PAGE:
Michael worked Christmas Day in a patrol van in rural Ireland. He works for a company which responds to alarm calls and in particular to panic alarm calls from rural residents who have burglary or fall alarms fitted in their homes. His first call was at 0715 Christmas morning for an elderly couple whose house had been burgled on Christmas Eve night. They activated their panic alarm when they woke to find the back door broken on Christmas morning. Michael arrived soon afterwards and long before the Gardai (not their fault as they are at least a 90 minute drive away). He spent the next 2 hours reassuring the couple until the Gardai arrived to take over. It saddens him to see this type of thing happen to good people but it makes him happy to see the local community rally round the couple of Christmas Day. He called back later to give a hand cleaning the mess and repairing the door. His boss probably wouldn’t appreciate this but he feels it’s the least he can do.
Grainne worked the day shift in a large pharmaceutical plant. It’s closed up for Christmas but still needs security. It was after 2200 when Grainne got home and she was as angry as she had ever been. She was supposed to be finished at 2000 but the person who was supposed to be on nights didn’t show up until 2045 and he was drunk. This put her in an awful position. She could either go home to her family at 2045 and leave this guy in his incapable and unsafe state to mind the site. Alternatively she could report the guy to her boss knowing that she would be stuck on site until relief cover could be found (on Christmas Day) or her boss could get there. In the end Grainne stayed made her colleague coffee and talked to him for over an hour until he sobered up enough that she could leave him alone. Irresponsible of her she thought but on Christmas Day her family means more to her than her job and she’s already 2 hours late. Everybody will be ready for bed by the time she gets home and she can’t even begin to tell them how angry she is.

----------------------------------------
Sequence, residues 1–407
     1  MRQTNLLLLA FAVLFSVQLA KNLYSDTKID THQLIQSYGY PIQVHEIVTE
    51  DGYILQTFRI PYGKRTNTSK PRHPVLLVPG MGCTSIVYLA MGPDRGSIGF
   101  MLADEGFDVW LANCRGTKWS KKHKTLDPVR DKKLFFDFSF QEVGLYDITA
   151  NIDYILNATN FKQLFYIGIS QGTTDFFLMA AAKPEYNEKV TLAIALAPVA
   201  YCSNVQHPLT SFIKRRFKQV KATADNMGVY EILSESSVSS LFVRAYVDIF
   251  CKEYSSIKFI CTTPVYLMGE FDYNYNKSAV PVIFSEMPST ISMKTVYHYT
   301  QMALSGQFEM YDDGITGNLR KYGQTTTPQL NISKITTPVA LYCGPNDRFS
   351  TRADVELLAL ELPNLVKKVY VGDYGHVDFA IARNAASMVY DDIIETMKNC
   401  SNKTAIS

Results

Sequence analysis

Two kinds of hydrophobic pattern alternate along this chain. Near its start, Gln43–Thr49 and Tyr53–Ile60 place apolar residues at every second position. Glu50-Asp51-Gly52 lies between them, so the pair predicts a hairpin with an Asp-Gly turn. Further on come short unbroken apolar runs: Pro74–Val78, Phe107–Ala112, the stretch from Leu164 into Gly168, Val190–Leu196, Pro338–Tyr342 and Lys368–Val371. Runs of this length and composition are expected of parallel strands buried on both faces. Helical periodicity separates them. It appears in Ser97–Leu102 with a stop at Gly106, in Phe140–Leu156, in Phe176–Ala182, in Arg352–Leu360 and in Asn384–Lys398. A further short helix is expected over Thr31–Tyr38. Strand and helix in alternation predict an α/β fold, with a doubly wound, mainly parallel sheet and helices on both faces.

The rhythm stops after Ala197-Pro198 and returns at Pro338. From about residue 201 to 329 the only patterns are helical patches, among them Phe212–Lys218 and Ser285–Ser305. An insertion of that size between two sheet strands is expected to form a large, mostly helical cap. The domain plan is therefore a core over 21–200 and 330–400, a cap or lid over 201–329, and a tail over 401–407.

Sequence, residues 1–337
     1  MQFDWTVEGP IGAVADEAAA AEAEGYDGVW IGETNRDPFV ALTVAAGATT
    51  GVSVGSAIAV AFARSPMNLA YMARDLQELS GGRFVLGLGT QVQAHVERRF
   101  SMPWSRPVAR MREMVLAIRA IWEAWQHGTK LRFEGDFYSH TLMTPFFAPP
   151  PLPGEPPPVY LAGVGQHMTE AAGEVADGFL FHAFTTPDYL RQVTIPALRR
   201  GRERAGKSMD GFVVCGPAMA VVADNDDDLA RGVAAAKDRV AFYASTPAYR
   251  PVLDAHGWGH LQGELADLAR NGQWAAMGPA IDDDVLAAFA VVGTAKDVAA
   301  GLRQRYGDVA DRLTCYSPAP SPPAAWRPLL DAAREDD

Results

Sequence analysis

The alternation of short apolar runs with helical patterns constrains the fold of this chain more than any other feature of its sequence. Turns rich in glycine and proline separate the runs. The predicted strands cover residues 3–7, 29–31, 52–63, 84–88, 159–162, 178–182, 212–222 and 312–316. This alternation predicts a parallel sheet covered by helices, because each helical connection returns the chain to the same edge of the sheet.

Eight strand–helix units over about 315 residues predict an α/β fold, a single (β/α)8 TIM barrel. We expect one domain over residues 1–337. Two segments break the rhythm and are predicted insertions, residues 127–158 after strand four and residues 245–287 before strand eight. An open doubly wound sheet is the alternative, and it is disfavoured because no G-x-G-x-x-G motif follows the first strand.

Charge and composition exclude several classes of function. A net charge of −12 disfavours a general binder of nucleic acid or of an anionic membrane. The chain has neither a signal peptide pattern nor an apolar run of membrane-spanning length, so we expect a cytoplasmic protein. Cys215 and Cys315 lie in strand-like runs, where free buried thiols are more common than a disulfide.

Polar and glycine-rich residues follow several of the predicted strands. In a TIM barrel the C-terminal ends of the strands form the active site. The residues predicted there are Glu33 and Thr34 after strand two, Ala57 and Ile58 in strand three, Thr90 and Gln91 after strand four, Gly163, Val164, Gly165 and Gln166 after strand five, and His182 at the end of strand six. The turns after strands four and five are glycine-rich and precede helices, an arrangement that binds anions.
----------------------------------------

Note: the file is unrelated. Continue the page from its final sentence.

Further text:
These 4 peoples stories which I’ve kindly been allowed to use are just a selection of the hundreds of security staff who worked Christmas Day. I’m not even trying to single out the security industry for special praise. There are thousands of first responders who worked on Monday who are much more deserving of our praise. I am however trying to point out some things in these four stories that make the security industry great. For all the whinging and whining we do about pay, conditions, job roles and how we are treated there are amazing people like these and thousands more who got out of bed on a Christmas morning and made people’s lives better. I for one am proud to be associated with these people and this industry.
These stories also highlight the diversity of behaviours, skills and emotional intelligence to succeed in this industry. Of course there will be focus on the guy who showed up late and drunk to his shift and we can always focus on the negative but the variety of positive skills and behaviours shown in these 4 people give great credit to the entire industry. We could all focus on the shirt fillers and the low pay and people who give us a bad name but lets not. For 2018 lets focus on the core group of professionals like these 4 who use their job to make peoples lives better. If we can do that then that most definitely a job well done.